How Too Much Data Could Spell Trouble for Consumers
June 01, 2017
By: Larry Alton
For most intents and purposes, data is a good thing. Having more information about the world around us helps scientists and engineers solve bigger problems, it gives us more accurate and thorough projections of everything from weather patterns to stock market fluctuations, and can even improve both our safety and our standards of living.
However, the overabundance of consumer data could ultimately be problematic for consumers.
The Problem with Too Much Data
These are just some of the problems that may arise with the availability of inordinate amounts of data:
- Reduced privacy. One of the biggest concerns with the rise of big data is the role of user privacy. Most new applications require you to consent to have information collected before you can use their technology; Google, Facebook, and Apple (News - Alert) are notable examples. For now, the information collected here is mostly harmless, used to help advertisers serve you with ads that are more relevant to your interests. However, on a bigger scale, that privacy infringement could grow to become invasive.
- Fewer opportunities. Already, people are missing out on opportunities thanks to impersonal forms of data analysis. For example, many banks refuse to give out loans or offer higher-interest secured loans to people with bad credit scores. This makes it almost impossible for anyone with a poor financial history to start a new business, buy a house, or make forward financial strides in other areas. When more data is available, those who have access to opportunities will have access to even more opportunities, while those without will be pushed even further away.
- Quantification of the unquantifiable. The availability of data could also force major changes to how we think about certain psychological or sociological concepts, making us rethink unquantifiable concepts as quantifiable ones. For example, people may begin subjectively rating others in a measurable way, assigning numbers to subjective feelings or “gut” intuitions. Though limited in its ramifications, this change could fundamentally transform how we think about each other and ourselves.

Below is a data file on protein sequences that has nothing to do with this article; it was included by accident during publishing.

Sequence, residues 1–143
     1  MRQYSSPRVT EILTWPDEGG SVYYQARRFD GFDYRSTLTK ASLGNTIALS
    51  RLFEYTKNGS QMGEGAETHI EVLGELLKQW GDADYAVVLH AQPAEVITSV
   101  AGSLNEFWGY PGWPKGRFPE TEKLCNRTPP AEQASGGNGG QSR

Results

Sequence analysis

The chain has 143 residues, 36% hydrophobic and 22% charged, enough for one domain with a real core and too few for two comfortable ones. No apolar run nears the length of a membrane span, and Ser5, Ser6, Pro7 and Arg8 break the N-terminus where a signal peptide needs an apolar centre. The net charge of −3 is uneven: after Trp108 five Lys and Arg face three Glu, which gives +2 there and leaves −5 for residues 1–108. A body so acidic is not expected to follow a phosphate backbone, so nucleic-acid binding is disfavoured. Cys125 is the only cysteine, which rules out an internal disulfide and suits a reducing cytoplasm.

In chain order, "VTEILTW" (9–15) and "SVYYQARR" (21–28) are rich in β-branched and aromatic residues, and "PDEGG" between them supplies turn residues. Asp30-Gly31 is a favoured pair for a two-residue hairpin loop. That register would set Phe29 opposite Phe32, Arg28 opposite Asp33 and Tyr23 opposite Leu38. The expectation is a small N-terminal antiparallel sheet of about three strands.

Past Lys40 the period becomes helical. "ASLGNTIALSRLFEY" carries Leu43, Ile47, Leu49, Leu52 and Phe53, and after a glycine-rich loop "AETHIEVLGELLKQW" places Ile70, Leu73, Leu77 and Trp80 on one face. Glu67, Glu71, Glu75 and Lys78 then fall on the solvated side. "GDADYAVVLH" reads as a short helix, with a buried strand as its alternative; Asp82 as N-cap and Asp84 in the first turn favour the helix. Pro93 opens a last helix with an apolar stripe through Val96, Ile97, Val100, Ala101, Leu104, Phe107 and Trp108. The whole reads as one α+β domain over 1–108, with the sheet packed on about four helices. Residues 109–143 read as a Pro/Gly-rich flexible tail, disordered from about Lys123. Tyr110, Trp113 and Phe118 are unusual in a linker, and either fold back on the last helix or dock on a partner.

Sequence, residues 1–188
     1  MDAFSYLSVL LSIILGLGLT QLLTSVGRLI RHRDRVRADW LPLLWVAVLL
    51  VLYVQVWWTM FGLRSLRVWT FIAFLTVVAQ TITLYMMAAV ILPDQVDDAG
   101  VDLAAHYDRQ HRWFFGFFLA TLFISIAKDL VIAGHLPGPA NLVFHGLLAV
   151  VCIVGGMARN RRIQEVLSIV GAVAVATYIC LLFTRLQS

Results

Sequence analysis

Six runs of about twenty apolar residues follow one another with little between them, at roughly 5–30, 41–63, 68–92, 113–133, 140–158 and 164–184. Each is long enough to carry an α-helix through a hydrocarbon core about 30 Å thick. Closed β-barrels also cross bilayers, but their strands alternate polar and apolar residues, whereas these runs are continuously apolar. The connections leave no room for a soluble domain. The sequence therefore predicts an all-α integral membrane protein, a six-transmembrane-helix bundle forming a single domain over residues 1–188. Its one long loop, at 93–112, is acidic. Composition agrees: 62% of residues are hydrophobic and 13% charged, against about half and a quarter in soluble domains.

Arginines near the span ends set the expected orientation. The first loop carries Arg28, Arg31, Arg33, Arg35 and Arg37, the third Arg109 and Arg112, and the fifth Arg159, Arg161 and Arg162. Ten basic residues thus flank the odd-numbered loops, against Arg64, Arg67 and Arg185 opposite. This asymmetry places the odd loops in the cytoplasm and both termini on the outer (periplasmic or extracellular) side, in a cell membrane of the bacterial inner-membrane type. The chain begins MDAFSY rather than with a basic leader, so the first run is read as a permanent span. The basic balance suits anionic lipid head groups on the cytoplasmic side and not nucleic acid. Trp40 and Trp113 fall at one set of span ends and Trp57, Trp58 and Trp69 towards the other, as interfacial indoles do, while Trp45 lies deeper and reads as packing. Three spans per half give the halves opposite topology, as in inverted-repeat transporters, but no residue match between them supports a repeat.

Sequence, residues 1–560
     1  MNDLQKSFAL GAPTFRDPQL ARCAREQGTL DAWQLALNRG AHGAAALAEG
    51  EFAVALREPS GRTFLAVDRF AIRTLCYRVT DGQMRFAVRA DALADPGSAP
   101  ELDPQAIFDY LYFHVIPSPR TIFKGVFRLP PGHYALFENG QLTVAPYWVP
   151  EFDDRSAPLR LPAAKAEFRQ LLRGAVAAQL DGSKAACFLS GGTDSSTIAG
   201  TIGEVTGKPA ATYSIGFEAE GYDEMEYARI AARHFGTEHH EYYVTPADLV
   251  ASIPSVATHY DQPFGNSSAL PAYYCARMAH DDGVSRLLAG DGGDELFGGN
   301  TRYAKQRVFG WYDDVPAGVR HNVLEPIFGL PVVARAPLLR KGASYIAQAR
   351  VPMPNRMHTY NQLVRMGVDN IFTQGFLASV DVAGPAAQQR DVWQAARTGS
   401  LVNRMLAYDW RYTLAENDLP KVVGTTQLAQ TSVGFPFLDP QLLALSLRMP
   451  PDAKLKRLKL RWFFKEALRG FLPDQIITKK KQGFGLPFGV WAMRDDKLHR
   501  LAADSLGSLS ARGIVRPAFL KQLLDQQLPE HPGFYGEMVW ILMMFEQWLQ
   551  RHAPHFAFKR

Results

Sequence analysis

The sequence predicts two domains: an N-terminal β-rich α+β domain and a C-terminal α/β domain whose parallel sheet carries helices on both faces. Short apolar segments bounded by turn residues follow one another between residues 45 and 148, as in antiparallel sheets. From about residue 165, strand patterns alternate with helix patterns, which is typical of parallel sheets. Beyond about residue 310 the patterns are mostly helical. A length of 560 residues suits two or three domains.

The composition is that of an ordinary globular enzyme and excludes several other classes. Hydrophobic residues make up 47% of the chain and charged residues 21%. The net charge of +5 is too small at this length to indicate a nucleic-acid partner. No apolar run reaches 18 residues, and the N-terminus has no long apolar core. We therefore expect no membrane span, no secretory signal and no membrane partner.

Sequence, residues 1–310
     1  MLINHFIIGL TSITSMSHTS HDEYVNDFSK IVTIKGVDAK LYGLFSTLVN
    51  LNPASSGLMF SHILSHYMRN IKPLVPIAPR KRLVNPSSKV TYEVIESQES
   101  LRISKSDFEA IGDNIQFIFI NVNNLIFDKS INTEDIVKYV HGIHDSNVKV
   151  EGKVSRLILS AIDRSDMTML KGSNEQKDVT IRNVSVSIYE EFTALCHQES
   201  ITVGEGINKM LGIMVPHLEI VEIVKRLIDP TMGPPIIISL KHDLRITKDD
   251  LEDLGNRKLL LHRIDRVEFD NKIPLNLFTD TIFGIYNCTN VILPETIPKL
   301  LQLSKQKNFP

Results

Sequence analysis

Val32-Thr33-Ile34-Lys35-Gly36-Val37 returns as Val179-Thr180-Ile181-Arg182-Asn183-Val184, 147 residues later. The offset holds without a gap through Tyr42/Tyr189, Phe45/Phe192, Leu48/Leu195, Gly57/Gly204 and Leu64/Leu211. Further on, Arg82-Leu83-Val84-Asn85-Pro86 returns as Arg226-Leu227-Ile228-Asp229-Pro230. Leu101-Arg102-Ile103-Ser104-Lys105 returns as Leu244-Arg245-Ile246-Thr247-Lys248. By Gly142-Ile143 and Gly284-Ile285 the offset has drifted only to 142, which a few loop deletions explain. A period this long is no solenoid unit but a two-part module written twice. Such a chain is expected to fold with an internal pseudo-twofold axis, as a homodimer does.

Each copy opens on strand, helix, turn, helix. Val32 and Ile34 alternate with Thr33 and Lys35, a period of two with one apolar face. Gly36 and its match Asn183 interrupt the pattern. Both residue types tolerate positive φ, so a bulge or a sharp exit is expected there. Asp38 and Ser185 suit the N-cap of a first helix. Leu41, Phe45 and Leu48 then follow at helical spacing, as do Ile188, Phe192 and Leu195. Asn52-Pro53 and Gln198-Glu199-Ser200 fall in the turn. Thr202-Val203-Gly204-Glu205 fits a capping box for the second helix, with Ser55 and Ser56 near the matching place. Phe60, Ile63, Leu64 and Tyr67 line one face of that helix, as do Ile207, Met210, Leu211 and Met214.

- Criminal potential. The FBI has announced that it’s working on collecting a massive international database on biometric signatures, enabling it to identify almost anyone based on their fingerprints, ear shapes, and other unique personal data. This could feasibly solve more crimes, and solve them faster, but it could also open the door to more criminal activity. What happens if a criminal were able to get ahold of this massive, personal data? It would be incredibly easy to steal someone’s identity, and take over their entire life, just by having access to this stored data.
- Societal mechanization. This problem is an abstract and hypothetical one, but it could have lasting consequences. Relying exclusively on data to make our decisions could result in the mechanization of society, in multiple applications. Businesses will start to make decisions based purely on logical outputs, which will reduce some of the rarer, spark-inducing incidents that drive society forward. For example, a business might only create a new product that has a 75 percent chance of success or higher, rather than taking a risk on a truly novel idea. Does this sound dystopian and unlikely to you? In some circles, it’s already happening; some blame the “blandness” of the Hollywood movie industry on the fact that investors only want to back movies with a sure chance of success, recycling old ideas ad infinitum.
Is There a Line?
If there is such a thing as “too much” data, then how much is too much? By 2025, we’re projected to create more than 180 zettabytes—180 trillion gigabytes—annually. By comparison, we’re barely creating 10 zettabytes annually now. So where do we draw the line, if we draw one at all?
Though there are problems associated with an overabundance of data, there are too many advantages to try and stifle the development of better data analysis tools (and more data in general). Instead, we need to work with data engineers to address these concerns proactively, and as consumers, be aware that these problems exist. The more you know about the world of big data, the less susceptible you’ll be to these potential issues.
Edited by Alicia Young